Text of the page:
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|Across the Bridge
||Graham Greene (story)
Across the Bridge is a 1957 film directed by Ken Annakin. It is based on the short story of the same name by Graham Greene.
Carl Schaffner (Steiger) is a crooked American businessman who flees to Mexico after stealing company funds. While travelling by train, Schaffner decides to evade authorities drugs and switches identities with fellow train passenger Paul Scarff, who looks like him and has a Mexican passport. He throws Paul Scarff off the train, injurying Scarff. Carl later discovers that Scarff is wanted in Mexico as a political assassin. Carl then track down Scarff to get his original passport who was resting from the wounds. Carl arrives in Mexico, and get capture by the local police believing him to be Scarff. Carl then fights to show his true identity to local police. The plan seems foolproof until he is forced to care for the dog of Scarff. The local police chief and Scotland Yard inspector Hadden conspire to keep him trapped in the Mexican border town of Katrina in an effort to get him to cross the bridge back into the U.S. and face justice. The misanthropic Schaffner has grown attached to Scarff's pet spaniel and is tricked into going across the dividing line of the bridge to get the dog. He is accidentally killed trying to escape the authorities. The final irony is that the discovery his own humanity has cost the cynical, friendless Schaffner his life.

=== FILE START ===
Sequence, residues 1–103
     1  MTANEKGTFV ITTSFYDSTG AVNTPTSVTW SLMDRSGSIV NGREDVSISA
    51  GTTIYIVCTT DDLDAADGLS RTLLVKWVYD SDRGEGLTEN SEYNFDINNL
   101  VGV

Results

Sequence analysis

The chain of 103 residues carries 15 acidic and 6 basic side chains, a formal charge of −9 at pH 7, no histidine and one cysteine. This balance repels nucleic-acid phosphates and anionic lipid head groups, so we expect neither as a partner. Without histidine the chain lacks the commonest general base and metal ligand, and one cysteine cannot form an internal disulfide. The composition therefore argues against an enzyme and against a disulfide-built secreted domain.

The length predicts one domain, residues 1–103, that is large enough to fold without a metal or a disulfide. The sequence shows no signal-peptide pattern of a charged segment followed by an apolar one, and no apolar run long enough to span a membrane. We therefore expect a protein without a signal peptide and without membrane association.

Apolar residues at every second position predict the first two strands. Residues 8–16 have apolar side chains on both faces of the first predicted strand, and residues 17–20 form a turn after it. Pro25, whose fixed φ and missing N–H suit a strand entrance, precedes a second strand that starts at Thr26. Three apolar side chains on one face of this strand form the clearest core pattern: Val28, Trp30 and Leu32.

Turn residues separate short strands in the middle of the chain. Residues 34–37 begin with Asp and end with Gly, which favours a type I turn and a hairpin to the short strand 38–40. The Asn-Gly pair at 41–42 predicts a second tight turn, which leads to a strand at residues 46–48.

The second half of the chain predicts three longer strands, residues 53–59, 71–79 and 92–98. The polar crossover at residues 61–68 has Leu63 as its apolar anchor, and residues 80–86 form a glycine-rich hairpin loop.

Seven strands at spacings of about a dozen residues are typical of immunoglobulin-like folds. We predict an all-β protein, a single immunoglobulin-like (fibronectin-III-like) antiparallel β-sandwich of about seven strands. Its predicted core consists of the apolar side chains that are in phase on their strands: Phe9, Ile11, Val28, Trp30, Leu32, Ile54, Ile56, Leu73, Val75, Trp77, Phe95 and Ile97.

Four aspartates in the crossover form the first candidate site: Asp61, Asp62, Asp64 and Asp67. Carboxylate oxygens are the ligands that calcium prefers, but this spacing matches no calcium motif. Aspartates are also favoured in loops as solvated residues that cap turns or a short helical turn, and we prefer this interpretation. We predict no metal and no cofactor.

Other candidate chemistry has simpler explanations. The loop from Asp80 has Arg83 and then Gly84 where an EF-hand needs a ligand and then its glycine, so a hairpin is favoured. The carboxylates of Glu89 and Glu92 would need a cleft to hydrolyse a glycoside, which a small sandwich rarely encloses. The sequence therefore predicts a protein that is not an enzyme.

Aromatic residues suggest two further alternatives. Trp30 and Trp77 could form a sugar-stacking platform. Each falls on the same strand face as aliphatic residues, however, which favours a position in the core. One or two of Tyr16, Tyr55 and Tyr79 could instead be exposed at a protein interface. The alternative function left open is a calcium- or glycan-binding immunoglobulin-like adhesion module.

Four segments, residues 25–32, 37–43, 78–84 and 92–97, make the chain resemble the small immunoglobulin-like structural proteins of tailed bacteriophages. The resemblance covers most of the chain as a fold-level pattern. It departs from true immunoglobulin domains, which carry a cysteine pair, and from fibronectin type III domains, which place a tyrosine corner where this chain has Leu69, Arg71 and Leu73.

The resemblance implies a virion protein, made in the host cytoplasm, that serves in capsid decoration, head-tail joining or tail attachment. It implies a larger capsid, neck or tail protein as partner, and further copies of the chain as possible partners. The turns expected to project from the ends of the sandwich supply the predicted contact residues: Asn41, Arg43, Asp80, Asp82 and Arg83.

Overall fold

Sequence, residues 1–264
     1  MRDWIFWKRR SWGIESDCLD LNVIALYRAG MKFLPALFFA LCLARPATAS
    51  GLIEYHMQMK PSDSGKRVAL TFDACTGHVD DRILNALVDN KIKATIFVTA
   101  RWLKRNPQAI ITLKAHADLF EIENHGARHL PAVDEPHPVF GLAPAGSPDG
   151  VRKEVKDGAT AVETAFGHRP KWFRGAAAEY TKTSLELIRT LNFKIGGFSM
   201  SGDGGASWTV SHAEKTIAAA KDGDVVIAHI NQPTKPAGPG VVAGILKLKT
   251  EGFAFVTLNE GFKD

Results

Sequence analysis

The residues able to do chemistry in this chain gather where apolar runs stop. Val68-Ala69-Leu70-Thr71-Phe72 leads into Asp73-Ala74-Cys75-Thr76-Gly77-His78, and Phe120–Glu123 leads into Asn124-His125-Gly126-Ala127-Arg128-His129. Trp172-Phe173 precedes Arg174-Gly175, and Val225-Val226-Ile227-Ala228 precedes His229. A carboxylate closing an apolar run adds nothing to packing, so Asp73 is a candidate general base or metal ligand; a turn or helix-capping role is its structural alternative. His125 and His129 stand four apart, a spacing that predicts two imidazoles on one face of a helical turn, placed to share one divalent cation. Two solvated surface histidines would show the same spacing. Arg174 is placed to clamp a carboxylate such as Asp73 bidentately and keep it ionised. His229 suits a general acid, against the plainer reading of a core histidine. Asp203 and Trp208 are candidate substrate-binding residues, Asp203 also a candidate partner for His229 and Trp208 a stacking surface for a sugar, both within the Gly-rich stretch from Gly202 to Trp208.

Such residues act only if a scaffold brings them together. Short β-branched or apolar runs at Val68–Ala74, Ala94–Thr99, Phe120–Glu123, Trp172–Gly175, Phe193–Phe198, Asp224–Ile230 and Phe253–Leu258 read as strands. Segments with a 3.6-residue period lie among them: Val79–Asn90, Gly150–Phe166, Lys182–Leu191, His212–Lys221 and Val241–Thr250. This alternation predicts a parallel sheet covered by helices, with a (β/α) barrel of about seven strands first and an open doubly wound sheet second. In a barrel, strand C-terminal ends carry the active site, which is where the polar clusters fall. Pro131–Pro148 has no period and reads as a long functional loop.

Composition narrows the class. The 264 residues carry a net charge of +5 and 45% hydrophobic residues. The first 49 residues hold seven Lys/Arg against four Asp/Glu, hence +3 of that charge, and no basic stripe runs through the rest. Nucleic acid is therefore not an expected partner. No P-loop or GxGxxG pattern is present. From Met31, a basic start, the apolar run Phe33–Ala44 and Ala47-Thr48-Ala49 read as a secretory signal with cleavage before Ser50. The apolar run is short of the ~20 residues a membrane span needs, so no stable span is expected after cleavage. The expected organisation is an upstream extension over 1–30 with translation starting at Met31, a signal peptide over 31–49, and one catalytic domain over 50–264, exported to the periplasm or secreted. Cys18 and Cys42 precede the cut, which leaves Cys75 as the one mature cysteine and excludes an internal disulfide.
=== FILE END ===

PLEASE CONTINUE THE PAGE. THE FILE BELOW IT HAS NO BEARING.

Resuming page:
Reviews for the film are mostly positive. Britmovie's review of the film  signals out Steiger's performance as one of the film's highlights: "Rod Steiger produces a gripping and highly charismatic performance as the conceited financier trapped in limbo with luck running out."
An American remake, Double Take, was released in 2001.
- Rank Film Library,"16mm Entertainment Film Catalogue 1978,9"
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